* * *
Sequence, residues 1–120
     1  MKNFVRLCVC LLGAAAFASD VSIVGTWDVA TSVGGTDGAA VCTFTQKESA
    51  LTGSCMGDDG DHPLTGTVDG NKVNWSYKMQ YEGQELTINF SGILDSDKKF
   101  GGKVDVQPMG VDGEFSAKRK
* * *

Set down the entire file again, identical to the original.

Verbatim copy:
Sequence, residues 1–120
     1  MKNFVRLCVC LLGAAAFASD VSIVGTWDVA TSVGGTDGAA VCTFTQKESA
    51  LTGSCMGDDG DHPLTGTVDG NKVNWSYKMQ YEGQELTINF SGILDSDKKF
   101  GGKVDVQPMG VDGEFSAKRK